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It has just emerged into the public domain that Larry Summers, director of the National Economic Council for President Barack Obama, earned more than USD5m from hedge fund manager D.E. Shaw over two years, working just one day a week.

Following his eviction as president of Harvard in 2006, Summers advised a team of maths and quant specialists developing investment strategies for D.E. Shaw, supposedly primarily as a sounding board for the firm's traders. However, Summers' role may have been more complex, reportedly regularly appearing for private consultations with clients.

That suggests Summers, Treasury secretary under Bill Clinton and a former chief economist at the World Bank, was a glorified salesman for D.E. Shaw. And why not? If he was bringing money into the company, why shouldn't they pay him USD5.2m?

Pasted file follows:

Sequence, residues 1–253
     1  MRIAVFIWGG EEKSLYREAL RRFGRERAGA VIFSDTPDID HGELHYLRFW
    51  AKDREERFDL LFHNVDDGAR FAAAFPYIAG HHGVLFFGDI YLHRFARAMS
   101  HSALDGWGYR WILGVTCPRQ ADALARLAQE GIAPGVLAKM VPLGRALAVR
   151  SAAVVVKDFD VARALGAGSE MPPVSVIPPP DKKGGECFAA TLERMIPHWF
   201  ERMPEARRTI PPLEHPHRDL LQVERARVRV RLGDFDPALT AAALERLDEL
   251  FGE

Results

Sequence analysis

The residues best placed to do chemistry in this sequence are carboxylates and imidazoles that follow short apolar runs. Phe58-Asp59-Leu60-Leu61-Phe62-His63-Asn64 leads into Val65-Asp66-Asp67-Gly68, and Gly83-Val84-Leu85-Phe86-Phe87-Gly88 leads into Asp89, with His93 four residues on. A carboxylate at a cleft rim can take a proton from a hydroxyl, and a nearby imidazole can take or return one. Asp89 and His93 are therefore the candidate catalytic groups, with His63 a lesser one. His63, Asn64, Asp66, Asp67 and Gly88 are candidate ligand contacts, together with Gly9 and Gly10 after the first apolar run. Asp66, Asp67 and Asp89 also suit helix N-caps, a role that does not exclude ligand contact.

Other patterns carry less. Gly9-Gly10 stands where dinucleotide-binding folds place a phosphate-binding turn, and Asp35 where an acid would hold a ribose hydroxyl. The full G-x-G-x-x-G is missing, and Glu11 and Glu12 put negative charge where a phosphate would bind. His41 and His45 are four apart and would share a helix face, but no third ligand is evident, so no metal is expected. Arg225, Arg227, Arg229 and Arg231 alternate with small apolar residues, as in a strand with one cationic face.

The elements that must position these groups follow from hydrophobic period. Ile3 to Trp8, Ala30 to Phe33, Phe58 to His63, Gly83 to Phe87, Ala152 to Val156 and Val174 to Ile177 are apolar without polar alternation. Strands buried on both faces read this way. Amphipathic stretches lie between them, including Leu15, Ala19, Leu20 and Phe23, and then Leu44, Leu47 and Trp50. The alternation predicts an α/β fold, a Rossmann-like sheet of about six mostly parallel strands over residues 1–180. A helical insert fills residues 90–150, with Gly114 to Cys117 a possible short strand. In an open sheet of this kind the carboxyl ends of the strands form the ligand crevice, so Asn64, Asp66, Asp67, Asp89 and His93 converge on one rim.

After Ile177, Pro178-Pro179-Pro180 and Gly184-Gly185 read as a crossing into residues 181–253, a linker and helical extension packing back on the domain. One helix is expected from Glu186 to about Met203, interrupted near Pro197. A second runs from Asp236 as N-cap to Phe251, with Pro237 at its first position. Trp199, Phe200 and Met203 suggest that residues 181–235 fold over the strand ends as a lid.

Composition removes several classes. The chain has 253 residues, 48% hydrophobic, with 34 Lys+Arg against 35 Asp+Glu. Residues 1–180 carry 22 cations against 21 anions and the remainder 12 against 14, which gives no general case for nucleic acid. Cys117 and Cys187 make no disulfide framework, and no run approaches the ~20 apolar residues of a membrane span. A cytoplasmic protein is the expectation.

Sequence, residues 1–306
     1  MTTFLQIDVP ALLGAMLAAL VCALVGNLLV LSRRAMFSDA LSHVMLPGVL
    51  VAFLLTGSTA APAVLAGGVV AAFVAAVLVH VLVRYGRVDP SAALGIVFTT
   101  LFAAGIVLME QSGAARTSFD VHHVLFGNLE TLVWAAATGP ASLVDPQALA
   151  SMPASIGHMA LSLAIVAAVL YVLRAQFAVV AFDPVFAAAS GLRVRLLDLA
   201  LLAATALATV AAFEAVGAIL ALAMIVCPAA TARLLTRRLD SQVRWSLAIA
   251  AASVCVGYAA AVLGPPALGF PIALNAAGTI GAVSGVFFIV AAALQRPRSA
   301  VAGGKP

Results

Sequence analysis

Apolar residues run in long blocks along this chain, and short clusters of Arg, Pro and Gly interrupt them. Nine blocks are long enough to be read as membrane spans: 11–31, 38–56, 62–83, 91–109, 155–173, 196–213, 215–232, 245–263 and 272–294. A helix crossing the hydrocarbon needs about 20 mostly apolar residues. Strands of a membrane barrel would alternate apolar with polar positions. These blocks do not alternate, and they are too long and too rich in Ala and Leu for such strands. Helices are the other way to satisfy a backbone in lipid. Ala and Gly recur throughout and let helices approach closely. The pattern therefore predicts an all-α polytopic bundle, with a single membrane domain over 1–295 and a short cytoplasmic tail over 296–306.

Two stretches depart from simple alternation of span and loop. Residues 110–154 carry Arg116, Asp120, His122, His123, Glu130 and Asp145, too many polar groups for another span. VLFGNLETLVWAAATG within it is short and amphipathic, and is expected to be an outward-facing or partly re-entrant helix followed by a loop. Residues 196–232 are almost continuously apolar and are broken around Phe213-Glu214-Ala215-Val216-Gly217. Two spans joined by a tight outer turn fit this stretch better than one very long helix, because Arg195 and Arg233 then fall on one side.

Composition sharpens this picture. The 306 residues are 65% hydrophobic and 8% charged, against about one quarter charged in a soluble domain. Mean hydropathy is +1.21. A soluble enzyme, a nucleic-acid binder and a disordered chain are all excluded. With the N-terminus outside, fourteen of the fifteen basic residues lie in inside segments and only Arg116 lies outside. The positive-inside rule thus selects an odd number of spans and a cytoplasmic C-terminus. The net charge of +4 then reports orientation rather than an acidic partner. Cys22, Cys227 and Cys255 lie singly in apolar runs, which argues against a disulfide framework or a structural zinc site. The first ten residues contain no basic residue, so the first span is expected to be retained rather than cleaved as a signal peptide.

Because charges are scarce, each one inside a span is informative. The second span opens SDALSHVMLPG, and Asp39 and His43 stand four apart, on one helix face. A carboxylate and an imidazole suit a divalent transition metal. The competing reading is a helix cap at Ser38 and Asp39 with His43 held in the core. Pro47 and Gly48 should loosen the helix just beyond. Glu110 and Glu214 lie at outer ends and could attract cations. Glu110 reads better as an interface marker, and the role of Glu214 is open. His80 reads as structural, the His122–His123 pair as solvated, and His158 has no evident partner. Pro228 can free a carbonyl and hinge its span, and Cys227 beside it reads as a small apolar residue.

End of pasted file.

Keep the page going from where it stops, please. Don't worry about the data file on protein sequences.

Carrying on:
Summers said in an interview that his experience gave him valuable insight into the practical realities of Wall Street. 'I have a better sense of how market participants think and react to things from listening to conversations and the way the traders at D.E. Shaw thought,' he said.

He plans to put this insight to use in shaping economic policy in Washington, perhaps a welcome change from the methods of the past. While most hedge funds lost money last year, D.E. Shaw's macro fund returned around 7 per cent. If Summers can help the Obama administration do half as well with the money it has pumped into the financial sector, the taxpayers will have plenty to smile about.

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